We Weren’t Hysterical; We Were Right

This morning as I woke up to the news I had expected, Roe essentially overturned, but distressed nonetheless. The first thing I thought of was not my daughters.

Because my daughters will be fine. Even if they ended up pregnant one day and didn’t want to be, we have access. We could pay for an abortion in another state or another country. There’s a safety net if they decided to keep it. It would change their life dramatically, but it wouldn’t sink them into poverty. Or keep them there. They’d be ok.

No, I’m thinking of the women I spoke with during my time as a TEA Fund volunteer, working the lines to provide funding to help cover the cost of peoples’ abortions in north Texas. It wasn’t much. There was only enough money to have two days of funding and that money never went far. But it made a huge difference for those few who received it. Because not only in Texas was there the concern about getting the funding but then it was where will the procedure take place – sometimes a race against the clock because of all the barriers in place to prevent abortions and run out the clock.

I had a list of questions that I had to ask them and fill in their responses. How old are you? How far along are you? Things like that. And here’s what broke my heart. There was never a question about why they decided to have an abortion, but every person answered it.

They lost their job, a spouse left, no healthcare, a child at home they already had to care for, etc. It was never those evil pictures that forced-birth advocates painted, but every person I spoke with felt the guilt and sting of how society had demonized their decision. I always told them they never had to justify their decision to me. I supported whatever choice they made. I wasn’t here to judge them.

I’m also thinking of my dear friend – I’ll call her M for privacy. A few years ago she had an abortion for a pregnancy she very much wanted. At 21 weeks she found out her unborn child was missing part of his brain and wouldn’t survive. It was a harrowing decision. But, instead of resting in her hospital bed after delivery she was writing to members of the Texas State Legislature and Congress. The same week she had an after 20 week abortion the Texas Legislature was debating whether or not to criminalize people who have abortions after 20 weeks. I can’t think of anything crueler than that juxtaposition.

People like my friends are hero’s. The real supporters of life. In their darkest hours they remain committed to fighting for others, when really they should have been healing and not worried about if they’ll be jailed, the expenses, etc.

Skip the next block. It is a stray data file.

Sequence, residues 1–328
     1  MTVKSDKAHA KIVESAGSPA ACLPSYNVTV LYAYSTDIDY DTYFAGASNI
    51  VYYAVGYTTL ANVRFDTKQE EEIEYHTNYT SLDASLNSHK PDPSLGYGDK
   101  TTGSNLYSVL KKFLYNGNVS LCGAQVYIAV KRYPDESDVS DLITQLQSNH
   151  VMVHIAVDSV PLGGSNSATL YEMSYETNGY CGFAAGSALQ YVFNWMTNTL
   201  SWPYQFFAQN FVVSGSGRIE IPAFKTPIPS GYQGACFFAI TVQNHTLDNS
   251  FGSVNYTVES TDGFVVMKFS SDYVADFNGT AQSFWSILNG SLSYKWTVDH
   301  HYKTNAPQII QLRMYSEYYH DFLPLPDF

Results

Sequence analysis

I know you don’t need me to say that this isn’t how we support people who bear children. That if we really wanted it to help people – children – we’d have affordable healthcare, daycare, better wages, etc. That this is an issue conservatives cling to, to garner votes and raise money.

Honestly, I wish I had answers. I have a few ideas though if you’re like me and need to do something.

1. Support your state legislature races: State races are not sexy, but they are SO important and where you feel change first. Texas Dems only needed to pick up 9 seats in 2020 to take control. That could have meant no permit-less gun carry, no further stripping of voting rights and no 6 week draconian abortion bans. See who’s running and volunteer. Or donate. Or donate to orgs that support candidates like Run For Something.

2. Donate to PP of Texas or smaller groups like TEA Fund. They are still trying to help people get access. They need our support.

3. If you can reproduce, find a birth control and get on it. Buy pregnancy tests in bulk. If you don’t want to get pregnant and are sexually active the best thing you can arm yourself with is knowledge. 6 weeks is really a 2 week ban because the earliest you can find out you’re pregnant is 4 weeks and that IS SUPER early.

We didn’t get rid of abortions today. We got rid of safe abortions. We got rid of legal abortions. You are not safe because you don’t live in Texas. The lack of action from the SC sets a precedent for other states who have similar lawsuits working their way through the system.

It’s time for structural change. It’s time to see Roe as a stepping stone to even greater protection for individuals’ rights to medial procedures and bodily autonomy. I don’t know if we can save Roe. We have to think bigger.

We’re running out of time.

x, Meredith

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